RETH 52403 Moral Problems: Poverty and Social Justice
T 1:30-4:20 S200

This is an advanced seminar on poverty and social justice. The course will explore the ethical and social questions surrounding poverty, various forms of poverty (voluntary/involuntary), and theories of social justice that can respond to the human suffering caused by poverty. The seminar will engage major theories of justice, religious and philosophical, in light of the reality of poverty. Previous graduate work in Religious Ethics or Theology required. Seminar discussion and research paper required.

PQ: Previous graduate work in Religious Ethics or Theology.

Ident. THEO 52403

Theology

THEO 31100 History of Theological Ethics I
T/TH 9:00-10:20 S106

This is the first part of a two-part history.  It is conducted through the study of basic, classic texts. The course moves from the philosophical ethics of the Greek and Roman worlds through strands of Hebrew scripture, the origins of the Christian movement, the end of the Roman age to the emergence of Islam, and, finally, Christian and Jewish scholastic and mystical thought in the Western middle ages. While the golden thread of the history is the origin and differentiation of Christian moral thinking, this is set within and compared with the complexity of traditions (Hellenistic philosophical, Jewish, Islamic) that intersect and often collide throughout these formative centuries in Western thought. In this way, the exploration of one tradition opens onto rich comparative thinking. The course proceeds by lectures and discussion. Most readings are in translation. There will be a final examination.  This is a basic course and thus no previous work in theology, philosophy, or ethics is required.

Ident. RETH 31100

THEO 37500 The Spirituality of the Sixteenth Century
M/W 10:00-11:20 S201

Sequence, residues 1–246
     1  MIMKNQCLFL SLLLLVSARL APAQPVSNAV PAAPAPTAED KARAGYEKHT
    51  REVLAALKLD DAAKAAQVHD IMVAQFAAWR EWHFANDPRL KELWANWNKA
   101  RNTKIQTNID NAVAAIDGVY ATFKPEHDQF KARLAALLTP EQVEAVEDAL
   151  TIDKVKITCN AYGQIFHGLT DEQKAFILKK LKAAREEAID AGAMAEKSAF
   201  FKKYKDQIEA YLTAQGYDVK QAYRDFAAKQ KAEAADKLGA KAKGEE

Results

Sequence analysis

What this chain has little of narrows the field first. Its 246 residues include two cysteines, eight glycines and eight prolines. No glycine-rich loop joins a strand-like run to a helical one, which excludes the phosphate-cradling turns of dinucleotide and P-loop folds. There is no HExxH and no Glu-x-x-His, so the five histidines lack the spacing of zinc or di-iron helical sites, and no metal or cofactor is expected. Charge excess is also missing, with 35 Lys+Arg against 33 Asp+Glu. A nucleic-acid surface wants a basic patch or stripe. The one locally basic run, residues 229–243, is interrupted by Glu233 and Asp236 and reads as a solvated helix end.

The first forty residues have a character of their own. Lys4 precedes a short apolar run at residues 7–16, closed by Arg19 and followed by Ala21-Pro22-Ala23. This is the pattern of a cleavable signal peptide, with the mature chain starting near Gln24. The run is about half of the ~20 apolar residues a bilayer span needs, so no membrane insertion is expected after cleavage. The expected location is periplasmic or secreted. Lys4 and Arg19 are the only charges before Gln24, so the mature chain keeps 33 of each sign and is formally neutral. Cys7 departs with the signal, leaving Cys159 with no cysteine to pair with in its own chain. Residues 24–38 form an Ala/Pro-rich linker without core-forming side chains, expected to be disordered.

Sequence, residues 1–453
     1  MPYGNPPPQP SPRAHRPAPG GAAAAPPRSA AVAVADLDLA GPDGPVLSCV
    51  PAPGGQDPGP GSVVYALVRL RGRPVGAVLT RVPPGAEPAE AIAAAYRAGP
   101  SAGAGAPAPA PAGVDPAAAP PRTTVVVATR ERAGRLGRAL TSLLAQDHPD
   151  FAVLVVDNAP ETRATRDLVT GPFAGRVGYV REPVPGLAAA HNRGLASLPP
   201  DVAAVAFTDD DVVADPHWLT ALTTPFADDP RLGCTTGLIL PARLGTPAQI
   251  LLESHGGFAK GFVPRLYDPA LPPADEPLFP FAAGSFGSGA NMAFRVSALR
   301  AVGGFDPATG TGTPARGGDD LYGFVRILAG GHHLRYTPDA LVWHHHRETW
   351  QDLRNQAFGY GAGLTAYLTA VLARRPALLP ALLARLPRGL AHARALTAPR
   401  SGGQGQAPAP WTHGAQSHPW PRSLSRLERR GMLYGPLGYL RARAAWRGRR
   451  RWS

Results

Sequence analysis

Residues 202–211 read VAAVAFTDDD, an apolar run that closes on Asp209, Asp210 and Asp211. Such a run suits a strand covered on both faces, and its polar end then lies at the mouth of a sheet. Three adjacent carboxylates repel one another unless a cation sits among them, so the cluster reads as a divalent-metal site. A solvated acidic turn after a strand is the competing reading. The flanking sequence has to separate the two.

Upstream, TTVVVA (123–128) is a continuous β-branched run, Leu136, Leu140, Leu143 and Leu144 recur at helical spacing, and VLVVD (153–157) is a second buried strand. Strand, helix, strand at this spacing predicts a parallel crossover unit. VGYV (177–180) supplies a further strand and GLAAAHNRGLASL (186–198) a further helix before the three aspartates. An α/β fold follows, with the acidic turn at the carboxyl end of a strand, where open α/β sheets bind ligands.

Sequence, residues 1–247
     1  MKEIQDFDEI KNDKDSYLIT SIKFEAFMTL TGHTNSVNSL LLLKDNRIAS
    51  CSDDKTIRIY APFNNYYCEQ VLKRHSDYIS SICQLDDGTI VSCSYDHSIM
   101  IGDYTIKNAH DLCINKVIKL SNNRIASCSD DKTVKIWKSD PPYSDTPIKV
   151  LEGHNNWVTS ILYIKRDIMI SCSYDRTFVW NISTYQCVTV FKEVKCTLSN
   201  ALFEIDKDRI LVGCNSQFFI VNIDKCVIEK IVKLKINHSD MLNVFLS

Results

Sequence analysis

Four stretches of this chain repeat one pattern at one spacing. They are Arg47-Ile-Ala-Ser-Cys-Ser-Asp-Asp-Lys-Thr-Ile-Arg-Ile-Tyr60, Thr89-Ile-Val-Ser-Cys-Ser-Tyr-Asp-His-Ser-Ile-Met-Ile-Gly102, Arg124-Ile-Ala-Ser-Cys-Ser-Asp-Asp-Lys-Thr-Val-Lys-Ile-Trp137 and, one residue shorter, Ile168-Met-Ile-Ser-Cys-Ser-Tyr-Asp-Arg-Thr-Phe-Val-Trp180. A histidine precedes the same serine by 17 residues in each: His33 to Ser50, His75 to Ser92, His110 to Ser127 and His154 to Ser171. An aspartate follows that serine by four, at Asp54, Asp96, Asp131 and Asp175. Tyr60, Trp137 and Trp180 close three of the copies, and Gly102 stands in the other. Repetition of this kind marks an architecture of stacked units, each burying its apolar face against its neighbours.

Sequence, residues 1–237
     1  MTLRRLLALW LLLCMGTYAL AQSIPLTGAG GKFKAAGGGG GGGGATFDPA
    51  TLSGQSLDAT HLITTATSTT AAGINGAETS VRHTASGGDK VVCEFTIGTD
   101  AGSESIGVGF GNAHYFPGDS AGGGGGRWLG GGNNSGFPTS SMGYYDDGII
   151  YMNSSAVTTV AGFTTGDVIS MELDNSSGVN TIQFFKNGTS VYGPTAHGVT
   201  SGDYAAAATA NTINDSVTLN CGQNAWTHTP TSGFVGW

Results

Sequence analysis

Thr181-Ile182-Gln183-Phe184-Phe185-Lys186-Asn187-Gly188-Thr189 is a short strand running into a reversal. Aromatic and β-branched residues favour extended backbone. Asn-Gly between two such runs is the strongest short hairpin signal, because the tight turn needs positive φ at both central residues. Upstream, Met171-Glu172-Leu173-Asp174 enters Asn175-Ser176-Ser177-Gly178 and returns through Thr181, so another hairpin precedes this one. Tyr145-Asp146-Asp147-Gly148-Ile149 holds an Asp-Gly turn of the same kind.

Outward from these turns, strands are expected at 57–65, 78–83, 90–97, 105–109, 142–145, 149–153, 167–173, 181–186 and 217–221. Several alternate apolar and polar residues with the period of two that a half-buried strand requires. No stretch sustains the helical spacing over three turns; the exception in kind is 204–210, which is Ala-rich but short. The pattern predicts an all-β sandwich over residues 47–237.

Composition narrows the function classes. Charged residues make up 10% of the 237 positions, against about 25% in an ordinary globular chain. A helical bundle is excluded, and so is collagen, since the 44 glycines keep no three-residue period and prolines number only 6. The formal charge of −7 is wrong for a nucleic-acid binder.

Ident. HCHR 37500

THEO 40100 Womanist Theology
T 9:00-11:50 S200

Womanist Theology is a contemporary theological discipline in the American academy. It emerged in 1979 and has differentiated into various other disciplines, foci, and methodologies. However, all scholars agree to the "womanist theology" nomenclature because they claim womanist theology doing the following work: (1) expanding the theory and method of the academy; (2) broadening the intellectual conversation; (3) welcoming new voices, and some old, into theological explorations; and (4) challenging the very notion of assumed epistemology. In 1979, Jacquelyn Grant wrote what has now been recognized as the first womanist article. In that piece, "Black Theology and the Black Woman", she astutely pointed out certain blindspots in black theology and in the larger discussions about both the academic study of religion and the relation between theology and faith communities.


This course will look at the rise and contributions of Womanist Theology of the First Generation. It is part three of Black Theology: 1st Generation and Black Theology: 2nd Generation. But one does not need to know anything about the previous two classes.

Ident. GNSE 40100

THEO 41101 Being Human
W 1:30-4:20 S200

What does it mean to be a human being—a person who fulfills individual capabilities and contributes to a community’s well being? Furthermore, what connects the individual and community to an ultimate vision, spirituality, or God? These questions and investigations can be described as an examination of and argument for constructing a theological anthropology. When one thinks intentionally about the being of a human and his or her ties to some concern or force greater than the limited self, en transcendence and materiality involve themselves in a complex dynamic. How does one construct an individual and a community of individuals? We investigate different models of being human and bring in other disciplines to help unpack this notion.

THEO 44600 Renaissance and Reformation
M/W 1:30-2:50 S201

Ident. HCHR 44600

THEO 52403 Moral Problems: Poverty and Social Justice
T 1:30-4:20 S200

This is an advanced seminar on poverty and social justice. The course will explore the ethical and social questions surrounding poverty, various forms of poverty (voluntary/involuntary), and theories of social justice that can respond to the human suffering caused by poverty. The seminar will engage major theories of justice, religious and philosophical, in light of the reality of poverty. Previous graduate work in Religious Ethics or Theology required. Seminar discussion and research paper required.

PQ: Previous graduate work in Religious Ethics or Theology.

Ident. RETH 52403